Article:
|Wooden's Wisdom - Volume 10||Issue 445|
|Craig Impelman Speaking | Championship Coaches | Champion's Leadership Library Login|
"THE DIFFERENCE BETWEEN HAPPINESS AND FUN" (ANSON DORRANCE PART FOURTEEN)
John Wooden Video Clip (2 min 19 sec.): Amazing clip on Goal Setting and persistence. Don't miss this.
The idea of having fun and being happy is a natural thought process. The idea of hard work leading to being happy is not as natural and may require some thought and real-life experience.
As the Woman's Soccer Coach at the University of North Carolina, Anson Dorrance's teams have won 22 National Championships. Coach Dorrance does a great job of getting his team members to connect hard work to happiness and to understand that real happiness requires more than just having fun. In his fantastic book, Training Soccer Champions, with Tim Nash, Coach Dorrance explains the process:
"When kids come to college, they come with a wonderful kind of idealism, and trying to be happy is at the top of their list. They have been given their freedom for the first time. And in their ambition to become happy, the typical freshman goes out the first couple nights and gets totally wasted. They are free now, and they think a part of this wonderful freedom is to go out and stretch their limits. They think this is going to make them happy. But they discover quickly that getting drunk every night doesn't make you happy. Basically, it leaves you hung over and empty, and you really don't gain much from that kind of total freedom. There are some hilarious things that occur during those periods. But, ultimately, they don't make you happy, even if every night is filled with riotous laughter.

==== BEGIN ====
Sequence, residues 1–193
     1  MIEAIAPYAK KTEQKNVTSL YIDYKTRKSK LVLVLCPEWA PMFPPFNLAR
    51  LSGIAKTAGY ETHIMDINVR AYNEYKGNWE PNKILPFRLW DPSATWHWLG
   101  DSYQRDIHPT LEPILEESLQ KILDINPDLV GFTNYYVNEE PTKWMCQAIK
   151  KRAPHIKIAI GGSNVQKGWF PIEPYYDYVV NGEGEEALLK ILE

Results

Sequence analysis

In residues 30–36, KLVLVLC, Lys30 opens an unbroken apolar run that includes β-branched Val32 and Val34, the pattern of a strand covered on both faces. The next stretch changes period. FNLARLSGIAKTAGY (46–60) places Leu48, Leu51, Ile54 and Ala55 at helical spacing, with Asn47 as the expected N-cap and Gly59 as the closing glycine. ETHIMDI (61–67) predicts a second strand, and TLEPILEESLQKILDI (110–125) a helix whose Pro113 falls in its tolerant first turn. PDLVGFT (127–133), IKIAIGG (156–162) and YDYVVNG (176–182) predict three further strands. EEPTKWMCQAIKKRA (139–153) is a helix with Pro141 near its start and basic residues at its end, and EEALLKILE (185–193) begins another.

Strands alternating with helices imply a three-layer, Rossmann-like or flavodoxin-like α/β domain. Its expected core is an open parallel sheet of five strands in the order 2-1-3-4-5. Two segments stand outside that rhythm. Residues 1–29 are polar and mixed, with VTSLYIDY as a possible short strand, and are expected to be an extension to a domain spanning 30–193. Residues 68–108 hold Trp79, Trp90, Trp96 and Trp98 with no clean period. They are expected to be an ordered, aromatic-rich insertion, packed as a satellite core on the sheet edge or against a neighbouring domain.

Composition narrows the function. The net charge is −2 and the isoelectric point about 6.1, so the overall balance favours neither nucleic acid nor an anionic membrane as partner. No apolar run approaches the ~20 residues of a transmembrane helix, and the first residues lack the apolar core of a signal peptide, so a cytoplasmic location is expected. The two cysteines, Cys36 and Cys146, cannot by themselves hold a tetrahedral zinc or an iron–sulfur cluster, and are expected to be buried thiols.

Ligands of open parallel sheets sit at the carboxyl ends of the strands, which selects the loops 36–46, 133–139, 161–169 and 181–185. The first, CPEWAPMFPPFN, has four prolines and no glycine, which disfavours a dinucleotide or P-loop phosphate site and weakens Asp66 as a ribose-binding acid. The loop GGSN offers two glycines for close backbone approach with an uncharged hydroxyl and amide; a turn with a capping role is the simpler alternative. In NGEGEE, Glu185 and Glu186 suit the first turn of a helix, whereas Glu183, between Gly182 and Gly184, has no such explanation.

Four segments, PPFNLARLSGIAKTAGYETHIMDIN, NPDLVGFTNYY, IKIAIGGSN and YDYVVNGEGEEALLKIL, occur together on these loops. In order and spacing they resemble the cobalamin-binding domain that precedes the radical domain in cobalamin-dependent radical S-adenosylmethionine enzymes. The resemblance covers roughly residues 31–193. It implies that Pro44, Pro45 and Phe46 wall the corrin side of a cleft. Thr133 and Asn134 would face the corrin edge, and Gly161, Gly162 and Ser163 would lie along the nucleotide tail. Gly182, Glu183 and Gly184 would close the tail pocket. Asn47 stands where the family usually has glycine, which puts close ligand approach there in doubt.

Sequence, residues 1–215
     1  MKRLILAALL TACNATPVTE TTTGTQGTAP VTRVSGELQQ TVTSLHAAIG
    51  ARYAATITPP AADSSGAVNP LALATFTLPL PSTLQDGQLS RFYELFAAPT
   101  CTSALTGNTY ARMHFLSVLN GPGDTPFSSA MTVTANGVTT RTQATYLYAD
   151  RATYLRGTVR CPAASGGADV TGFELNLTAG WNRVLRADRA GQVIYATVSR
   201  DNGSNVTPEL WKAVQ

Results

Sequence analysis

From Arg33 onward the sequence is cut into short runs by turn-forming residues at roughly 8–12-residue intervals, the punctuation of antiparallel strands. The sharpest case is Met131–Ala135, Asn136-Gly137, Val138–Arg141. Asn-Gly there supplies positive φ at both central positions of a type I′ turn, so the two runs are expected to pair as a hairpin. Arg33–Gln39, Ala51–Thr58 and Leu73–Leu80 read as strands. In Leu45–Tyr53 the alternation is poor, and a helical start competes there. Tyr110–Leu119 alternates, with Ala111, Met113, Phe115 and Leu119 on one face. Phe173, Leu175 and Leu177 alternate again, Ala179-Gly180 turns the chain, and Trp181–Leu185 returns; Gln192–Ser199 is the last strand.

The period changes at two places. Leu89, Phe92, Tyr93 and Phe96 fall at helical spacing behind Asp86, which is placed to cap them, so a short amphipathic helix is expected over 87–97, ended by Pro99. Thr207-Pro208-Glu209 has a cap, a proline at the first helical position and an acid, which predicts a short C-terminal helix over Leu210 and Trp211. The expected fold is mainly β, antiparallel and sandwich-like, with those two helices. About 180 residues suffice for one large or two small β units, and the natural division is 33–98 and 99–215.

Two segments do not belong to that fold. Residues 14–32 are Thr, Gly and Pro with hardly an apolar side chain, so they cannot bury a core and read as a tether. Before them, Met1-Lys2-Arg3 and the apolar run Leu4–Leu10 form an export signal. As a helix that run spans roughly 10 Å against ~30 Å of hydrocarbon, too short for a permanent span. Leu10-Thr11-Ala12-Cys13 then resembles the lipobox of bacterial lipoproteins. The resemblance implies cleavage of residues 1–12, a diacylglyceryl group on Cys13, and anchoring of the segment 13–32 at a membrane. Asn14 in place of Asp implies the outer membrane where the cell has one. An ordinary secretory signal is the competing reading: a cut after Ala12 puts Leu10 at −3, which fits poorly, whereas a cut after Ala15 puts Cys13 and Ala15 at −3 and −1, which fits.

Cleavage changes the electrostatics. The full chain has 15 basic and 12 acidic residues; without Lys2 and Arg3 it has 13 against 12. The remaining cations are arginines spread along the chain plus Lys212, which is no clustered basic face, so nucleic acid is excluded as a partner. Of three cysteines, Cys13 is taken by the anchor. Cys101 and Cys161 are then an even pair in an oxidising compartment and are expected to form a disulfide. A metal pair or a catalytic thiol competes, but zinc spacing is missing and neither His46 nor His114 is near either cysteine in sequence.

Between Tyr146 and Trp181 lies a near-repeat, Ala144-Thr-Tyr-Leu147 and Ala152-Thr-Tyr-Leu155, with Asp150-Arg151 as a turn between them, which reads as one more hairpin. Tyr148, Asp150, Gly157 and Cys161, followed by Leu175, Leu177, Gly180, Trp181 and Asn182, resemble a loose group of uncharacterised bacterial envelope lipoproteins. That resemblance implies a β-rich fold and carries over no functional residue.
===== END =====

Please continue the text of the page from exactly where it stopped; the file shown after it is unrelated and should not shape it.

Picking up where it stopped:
What happens is they discover the things that genuinely satisfy them and make them happy. And the thing that makes you happy — ironically for the people who look for a quick fix — is work.
There is a difference between fun and happiness. I think the most confused freshmen and sophomores we have believe happiness is stringing together a collection of fun environments. I once read that fun is something you enjoy while it is going on, but things that make you happy are what you appreciate once the event is finished.
It is satisfying to work hard at something. It is satisfying to compete and do your best, and those are the things that ultimately come back and give you a depth of feeling and depth of character. The process itself is not always that enjoyable, but at the end of the day, the people who have worked hard feel good about what they have accomplished. There is a satisfaction there that feeds them."
Do your team members connect hard work and happiness?
Yours in Coaching,
My Books and I
My books and I are good old pals:
Edgar Allen Guest (1881-1959)
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